1

In regard to the ground incursion of the Gaza Strip by the Israeli military, I would like to know if it is stated somewhere in either international law, or in Israel law, or in the Geneva Convention, that members of the Israeli military have a legal right to shoot at anyone within the Gaza Strip that they suspect of being a member of Hamas.

Or in another way of looking at this, after this Israeli-Hamas war has ended, could a member of the Israeli military face being court-martialed, or face being prosecuted by the International Criminal Court (ICC), if it is proven that the military member had killed a citizen(s) of the Gaza Strip who was never a member of Hamas?

Does the Israeli military have a legal right to shoot at anyone within the Gaza Strip that they suspect of being a member of Hamas?

2
  • "legality" is a fuzzy term when the legality of something can only be enforced via state power. In the absence of such a second state power (such as another country with more guns and the will to use them) states can generally do what they want.
    – Tiger Guy
    Nov 1 at 14:24
  • @TigerGuy, the United Nations is supposed to be that 'second state power'. Yet, I doubt that the UN would ever authorize sending troops into Israel to force them to comply with the will of the UN if the UN were to decree that certain members of the Israeli military should be forced to stand trial for having committed war crimes within the Gaza Strip.
    – user57467
    Nov 1 at 16:04

1 Answer 1

4

It is never legal to shoot at someone just because they are a member of Hamas or any other organisation

That would be attempted murder under Israeli and international law.

In an armed conflict, it is permissible to use lethal force against enemy combatants, people who, lawfully or unlawfully, is engaged in hostilities for the other side.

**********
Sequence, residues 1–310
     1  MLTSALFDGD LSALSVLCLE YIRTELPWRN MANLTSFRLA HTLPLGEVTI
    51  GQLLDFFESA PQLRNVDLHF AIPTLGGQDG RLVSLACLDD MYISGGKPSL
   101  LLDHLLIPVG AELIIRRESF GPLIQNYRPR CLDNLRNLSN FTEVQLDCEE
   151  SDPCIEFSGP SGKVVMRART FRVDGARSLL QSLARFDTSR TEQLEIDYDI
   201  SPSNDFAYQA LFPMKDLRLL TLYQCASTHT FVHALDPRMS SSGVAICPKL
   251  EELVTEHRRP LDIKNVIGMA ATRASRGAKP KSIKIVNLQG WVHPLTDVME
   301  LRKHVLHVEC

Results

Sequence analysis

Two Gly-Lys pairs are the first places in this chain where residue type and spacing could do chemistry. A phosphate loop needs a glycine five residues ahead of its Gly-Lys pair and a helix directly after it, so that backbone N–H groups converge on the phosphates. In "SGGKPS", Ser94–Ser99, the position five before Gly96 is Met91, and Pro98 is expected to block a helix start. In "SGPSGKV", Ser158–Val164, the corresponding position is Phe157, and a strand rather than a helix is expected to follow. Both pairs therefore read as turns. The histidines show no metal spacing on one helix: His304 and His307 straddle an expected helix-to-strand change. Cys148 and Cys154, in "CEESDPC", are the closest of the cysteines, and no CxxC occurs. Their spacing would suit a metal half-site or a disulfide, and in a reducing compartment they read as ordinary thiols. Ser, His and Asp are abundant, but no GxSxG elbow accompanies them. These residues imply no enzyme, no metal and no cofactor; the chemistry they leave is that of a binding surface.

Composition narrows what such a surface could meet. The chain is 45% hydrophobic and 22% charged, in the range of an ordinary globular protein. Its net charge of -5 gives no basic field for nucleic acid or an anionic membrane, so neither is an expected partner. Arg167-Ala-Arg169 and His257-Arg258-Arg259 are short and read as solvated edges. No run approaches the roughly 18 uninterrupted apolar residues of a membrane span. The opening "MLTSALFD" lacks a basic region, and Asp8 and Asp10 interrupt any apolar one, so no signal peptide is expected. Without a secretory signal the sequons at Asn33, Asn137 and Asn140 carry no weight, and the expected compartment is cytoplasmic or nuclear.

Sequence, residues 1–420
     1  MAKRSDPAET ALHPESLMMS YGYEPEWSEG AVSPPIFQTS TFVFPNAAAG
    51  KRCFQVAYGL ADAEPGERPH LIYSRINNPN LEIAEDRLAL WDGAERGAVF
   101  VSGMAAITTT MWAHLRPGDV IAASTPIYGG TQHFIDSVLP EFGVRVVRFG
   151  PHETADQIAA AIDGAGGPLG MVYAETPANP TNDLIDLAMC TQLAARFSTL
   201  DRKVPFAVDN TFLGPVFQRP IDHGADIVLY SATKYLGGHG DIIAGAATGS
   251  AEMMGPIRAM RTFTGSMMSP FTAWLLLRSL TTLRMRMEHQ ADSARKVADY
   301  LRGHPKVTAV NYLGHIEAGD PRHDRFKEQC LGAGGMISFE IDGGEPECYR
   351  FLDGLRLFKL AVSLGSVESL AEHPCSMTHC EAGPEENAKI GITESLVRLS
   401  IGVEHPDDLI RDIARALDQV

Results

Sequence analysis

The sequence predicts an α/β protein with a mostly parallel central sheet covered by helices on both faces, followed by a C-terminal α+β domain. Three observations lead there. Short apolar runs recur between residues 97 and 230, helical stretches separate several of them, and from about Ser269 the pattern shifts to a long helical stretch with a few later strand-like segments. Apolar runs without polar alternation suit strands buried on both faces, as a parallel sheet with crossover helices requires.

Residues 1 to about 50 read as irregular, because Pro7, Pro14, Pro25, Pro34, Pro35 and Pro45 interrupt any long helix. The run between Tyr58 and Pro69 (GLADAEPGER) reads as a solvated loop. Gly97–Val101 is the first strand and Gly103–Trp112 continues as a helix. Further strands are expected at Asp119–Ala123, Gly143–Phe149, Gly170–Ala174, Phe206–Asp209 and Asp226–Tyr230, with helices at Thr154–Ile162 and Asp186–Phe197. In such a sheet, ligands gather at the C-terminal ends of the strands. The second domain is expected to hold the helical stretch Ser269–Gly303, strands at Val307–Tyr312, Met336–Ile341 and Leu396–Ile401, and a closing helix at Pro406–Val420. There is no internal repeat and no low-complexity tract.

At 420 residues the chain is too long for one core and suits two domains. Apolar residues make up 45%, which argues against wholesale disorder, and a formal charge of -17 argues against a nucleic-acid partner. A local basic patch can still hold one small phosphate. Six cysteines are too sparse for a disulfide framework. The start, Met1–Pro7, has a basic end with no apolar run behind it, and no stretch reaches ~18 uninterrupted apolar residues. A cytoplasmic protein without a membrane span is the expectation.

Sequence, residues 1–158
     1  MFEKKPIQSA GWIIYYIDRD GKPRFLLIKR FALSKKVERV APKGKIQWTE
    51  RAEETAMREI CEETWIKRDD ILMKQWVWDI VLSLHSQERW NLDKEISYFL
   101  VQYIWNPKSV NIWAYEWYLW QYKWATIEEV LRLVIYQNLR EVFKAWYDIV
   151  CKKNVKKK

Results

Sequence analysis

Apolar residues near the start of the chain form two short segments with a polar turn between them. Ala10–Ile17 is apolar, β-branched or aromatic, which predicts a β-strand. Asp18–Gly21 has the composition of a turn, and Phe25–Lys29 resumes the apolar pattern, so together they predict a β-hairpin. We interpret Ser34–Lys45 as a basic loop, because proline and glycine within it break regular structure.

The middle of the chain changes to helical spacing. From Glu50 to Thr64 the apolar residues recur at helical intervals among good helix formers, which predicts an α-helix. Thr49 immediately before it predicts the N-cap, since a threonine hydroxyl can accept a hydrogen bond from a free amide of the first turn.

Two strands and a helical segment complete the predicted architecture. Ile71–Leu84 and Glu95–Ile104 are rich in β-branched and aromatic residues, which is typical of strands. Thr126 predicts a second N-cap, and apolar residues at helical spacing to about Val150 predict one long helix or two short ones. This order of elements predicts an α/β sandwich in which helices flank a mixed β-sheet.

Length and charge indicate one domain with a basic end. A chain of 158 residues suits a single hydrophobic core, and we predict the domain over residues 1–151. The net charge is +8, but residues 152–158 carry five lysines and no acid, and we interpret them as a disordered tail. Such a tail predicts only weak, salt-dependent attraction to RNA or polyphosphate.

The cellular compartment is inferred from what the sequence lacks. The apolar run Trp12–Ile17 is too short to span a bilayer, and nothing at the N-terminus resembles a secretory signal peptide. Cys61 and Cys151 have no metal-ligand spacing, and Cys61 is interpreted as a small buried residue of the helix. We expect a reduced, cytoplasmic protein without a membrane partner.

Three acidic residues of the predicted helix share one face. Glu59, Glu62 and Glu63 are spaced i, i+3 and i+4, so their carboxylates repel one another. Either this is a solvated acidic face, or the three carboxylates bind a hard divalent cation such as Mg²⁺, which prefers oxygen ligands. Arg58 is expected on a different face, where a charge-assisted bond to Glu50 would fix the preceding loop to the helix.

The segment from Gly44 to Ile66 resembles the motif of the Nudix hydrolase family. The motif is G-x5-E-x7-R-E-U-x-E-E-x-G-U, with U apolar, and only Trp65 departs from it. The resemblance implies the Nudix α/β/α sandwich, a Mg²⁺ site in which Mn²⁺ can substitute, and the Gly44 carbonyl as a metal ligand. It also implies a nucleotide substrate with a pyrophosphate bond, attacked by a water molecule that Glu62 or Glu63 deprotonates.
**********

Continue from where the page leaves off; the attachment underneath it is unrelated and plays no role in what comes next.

An Israeli soldier who shot at someone “suspect of being a member of Hamas” but who is not an enemy combatant is guilty of a crime and subject to court-martial (unlikely as that might be). They are not liable to the ICC because Israel is not a signatory to the Rome Statute.

9
  • 7
    I wouldn't go that far. Hamas members are almost by definition enemy combatants, and international law tolerates some collateral damage intended in good faith to kill enemy combatants or militarily valid targets. Court martial is not going to happen to anyone who follows their commanding officer's communicated rules of engagement.
    – ohwilleke
    Oct 31 at 2:25
  • 2
    I guess what the OP wanted to ask is the shooting of people who are suspected of being Hamas militants, i.e. presumably combatants, who may not be clearly identified as such at the time. A suspected Hamas member with a clearly visible rifle is one thing, how about a suspected Hamas member carrying a box with unclear contents into a suspected fighting position, or a suspected Hamas member who was observed talking to another suspected Hamas member who is believed to be a military commander ...
    – o.m.
    Oct 31 at 6:43
  • 2
    @User65535 Israel has declared war on Hamas, the organization. Being the only civil society Gaza has had for over a decade doesn't automatically make it immune from being the target of a war. In the same vein, a nation could declare war on a mafia organization or a drug cartel, even if one of those organizations was the sole civil society a region had for many years (see, e.g., the civil war in Colombia).
    – ohwilleke
    Oct 31 at 16:40
  • 1
    @User65535: Criminals also can't be shot out of hand if they are not offering armed resistance. So no, RICO and similar laws are not relevant here.
    – Ben Voigt
    Oct 31 at 17:18
  • 1
    Hamas has members who're significantly younger than 18; killing children might be legal under Israeli rules of engagement but is frowned upon in international law.
    – Stuart F
    Nov 1 at 14:28

You must log in to answer this question.

Not the answer you're looking for? Browse other questions tagged .